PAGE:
Miraji and South Asian Aesthetics, Poetics, and Politics
The prolific poet, critic, and translator Muhammad Sana Ullah Dar ‘Miraji’ (1912-1949) is among the most prominent and controversial literary figures in late-colonial Urdu, yet his work remains largely unknown outside of Urdu literary communities. This special issue will capture renewed scholarly interest in Miraji’s life and works, using contemporary critical frameworks to reexamine his writings and present them to a broader audience.
Miraji’s lifestyle, beliefs, and poetry have produced equal parts ire and fascination. Extraordinarily prolific over his short lifetime, he wrote numerous collections of poetry across several genres, extensive translations from South Asian and world literature, and a vast number of critical essays and editorials. After achieving prominence as an editor and tastemaker, he was censured as an “art for art’s sake” retrograde and sexual pervert by ideologues of the Progressive Writers Association, the foremost literary movement of his time. A number of prominent Pakistani Urdu critics later condemned his poetry as un-Islamic for its embrace of Indic elements, “Hindi” rhythms, and sexual themes. Yet his hybrid poetry and personality have been the subject of numerous Urdu-language studies and recent novels, and many contemporary Urdu poets still trace their artistic and intellectual lineage back to Miraji.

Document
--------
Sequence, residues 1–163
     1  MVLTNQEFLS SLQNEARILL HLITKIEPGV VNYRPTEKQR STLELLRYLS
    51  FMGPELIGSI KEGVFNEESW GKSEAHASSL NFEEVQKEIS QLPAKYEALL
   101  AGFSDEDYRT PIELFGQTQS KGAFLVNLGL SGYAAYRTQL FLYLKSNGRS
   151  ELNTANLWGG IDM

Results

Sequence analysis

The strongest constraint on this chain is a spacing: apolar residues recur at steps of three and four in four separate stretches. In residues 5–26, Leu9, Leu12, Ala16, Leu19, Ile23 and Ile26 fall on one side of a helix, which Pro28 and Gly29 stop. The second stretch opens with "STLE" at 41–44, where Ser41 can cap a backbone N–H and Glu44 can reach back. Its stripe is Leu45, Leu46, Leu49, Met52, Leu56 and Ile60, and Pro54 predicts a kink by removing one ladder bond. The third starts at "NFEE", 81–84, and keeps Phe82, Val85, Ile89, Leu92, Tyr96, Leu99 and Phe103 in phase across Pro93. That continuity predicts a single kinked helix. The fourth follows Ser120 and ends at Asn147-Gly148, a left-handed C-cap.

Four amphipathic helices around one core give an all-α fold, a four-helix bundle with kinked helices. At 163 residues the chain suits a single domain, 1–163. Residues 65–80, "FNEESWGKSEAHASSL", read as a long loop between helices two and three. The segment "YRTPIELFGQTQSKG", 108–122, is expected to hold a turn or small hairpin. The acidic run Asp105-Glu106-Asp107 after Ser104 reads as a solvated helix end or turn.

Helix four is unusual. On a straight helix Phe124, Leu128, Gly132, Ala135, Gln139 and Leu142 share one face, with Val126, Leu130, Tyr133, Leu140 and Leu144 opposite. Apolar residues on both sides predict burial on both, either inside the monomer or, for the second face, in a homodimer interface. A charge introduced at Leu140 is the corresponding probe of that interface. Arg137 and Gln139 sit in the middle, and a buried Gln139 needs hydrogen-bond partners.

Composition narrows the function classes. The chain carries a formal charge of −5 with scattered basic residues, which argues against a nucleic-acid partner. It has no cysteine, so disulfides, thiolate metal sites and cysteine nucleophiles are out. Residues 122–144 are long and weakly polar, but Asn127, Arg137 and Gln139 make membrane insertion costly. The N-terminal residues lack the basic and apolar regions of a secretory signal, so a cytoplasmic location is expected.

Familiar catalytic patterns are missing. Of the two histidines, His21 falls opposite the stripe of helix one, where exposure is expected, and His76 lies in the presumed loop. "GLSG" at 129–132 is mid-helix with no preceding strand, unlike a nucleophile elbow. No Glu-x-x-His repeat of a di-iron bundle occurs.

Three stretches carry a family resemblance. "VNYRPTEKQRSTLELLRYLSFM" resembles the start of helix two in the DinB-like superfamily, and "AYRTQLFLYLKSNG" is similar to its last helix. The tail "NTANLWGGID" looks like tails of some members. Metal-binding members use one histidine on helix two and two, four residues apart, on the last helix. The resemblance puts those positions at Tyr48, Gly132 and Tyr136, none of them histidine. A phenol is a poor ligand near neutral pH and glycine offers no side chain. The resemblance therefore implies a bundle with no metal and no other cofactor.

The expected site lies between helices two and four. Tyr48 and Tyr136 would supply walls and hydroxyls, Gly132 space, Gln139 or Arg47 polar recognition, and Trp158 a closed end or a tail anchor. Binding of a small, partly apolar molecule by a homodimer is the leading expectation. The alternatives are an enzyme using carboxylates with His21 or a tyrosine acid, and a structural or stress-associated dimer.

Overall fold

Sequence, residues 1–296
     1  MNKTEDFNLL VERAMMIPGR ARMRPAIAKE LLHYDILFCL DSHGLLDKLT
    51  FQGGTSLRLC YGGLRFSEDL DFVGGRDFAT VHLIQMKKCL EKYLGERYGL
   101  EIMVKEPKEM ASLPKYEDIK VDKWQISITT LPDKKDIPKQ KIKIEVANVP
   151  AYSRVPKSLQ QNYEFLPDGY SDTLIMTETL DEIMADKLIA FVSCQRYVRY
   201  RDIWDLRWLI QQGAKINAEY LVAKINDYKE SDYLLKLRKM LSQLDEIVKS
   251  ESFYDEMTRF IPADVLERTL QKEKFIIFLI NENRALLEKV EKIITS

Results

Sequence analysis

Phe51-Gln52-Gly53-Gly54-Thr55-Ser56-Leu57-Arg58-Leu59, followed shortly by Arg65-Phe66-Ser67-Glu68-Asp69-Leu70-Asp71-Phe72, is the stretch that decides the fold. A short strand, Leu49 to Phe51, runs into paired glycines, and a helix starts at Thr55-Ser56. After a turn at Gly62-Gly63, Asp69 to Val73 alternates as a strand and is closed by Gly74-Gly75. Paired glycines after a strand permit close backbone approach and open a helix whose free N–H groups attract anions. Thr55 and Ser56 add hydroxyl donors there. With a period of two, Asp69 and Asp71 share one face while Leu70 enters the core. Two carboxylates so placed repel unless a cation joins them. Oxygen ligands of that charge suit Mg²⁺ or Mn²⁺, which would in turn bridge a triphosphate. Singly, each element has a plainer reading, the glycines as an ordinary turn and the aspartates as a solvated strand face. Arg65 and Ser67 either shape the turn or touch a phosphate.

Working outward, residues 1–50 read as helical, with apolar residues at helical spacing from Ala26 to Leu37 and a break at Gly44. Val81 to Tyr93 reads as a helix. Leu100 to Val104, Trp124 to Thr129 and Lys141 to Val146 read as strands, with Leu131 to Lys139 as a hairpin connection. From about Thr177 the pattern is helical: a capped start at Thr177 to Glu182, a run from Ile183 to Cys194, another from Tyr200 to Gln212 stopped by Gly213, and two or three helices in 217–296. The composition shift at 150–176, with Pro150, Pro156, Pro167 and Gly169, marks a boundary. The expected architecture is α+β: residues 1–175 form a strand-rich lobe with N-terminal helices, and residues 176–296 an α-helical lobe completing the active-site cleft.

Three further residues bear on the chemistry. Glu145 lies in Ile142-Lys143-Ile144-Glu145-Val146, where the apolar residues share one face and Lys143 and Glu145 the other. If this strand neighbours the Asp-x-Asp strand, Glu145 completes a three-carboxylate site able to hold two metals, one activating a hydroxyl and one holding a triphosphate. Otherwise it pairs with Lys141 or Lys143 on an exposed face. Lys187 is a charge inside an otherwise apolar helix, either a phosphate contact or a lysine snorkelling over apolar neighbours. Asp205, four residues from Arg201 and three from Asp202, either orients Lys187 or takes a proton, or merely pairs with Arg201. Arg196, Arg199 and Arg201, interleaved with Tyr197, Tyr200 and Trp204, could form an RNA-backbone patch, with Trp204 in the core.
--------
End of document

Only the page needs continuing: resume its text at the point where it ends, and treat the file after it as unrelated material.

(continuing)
Despite Miraji’s stature in Urdu letters–built upon his radical innovations in literary form, his hybrid use of Urdu, Hindi, Braj, and Awadhi language, and the deep and complex subjects of his poetry–very little scholarship in English has assessed the historical significance of his work. Geeta Patel’s pioneering study, Lyrical Movements, Historical Hauntings: On Gender, Colonialism, and Desire in Miraji’s Urdu Poetry (2002), remains the only English-language book on the subject.
Addressing the resurgence of interest in Miraji’s poetry in recent years, this special issue highlights a new body of emergent scholarship on Miraji’s aesthetics, poetics, and politics. The issue would consider some of the following questions:
- What might be the politics of Miraji’s poetry? How does it contest the dominance of the Progressive Writers’ Association in modern South Asian literature?
- How does Miraji figure in cross-lingual literary and intellectual networks, both cosmopolitan and local?
- How does Miraji’s writing address questions of translation, and what problems in turn does his poetry present for translators?
- What is unique about Miraji’s poetic voice(s)? How does his poetry inhabit multiple languages? How does it expand notions of interiority and subjective experience?
- How does Miraji’s poetry rethink sexual desire, gendered voices, and subjectivity? What relationship does Miraji’s poetry forge between gender and sexuality?
- How can contemporary interdisciplinary perspectives—affect studies, gender and sexuality studies, new modernist studies, sound studies, and translation studies—help us understand and contextualize Miraji’s poetry and life?
- Why does Miraji remain such a central figure today? What lost futures does his poetry and writing still hold?
Please send a title, 300-word abstract, 3-6 keywords describing the content, and your contact details (name, institutional affiliation, email address) to Krupa Shandilya (firstname.lastname@example.org) and A. Sean Pue (email@example.com) by February 2.
Following the acceptance of article proposals, completed articles should be submitted by June 1. Accepted articles will be sent out for double-blind peer-review. Articles can be up to 7500 words in length.
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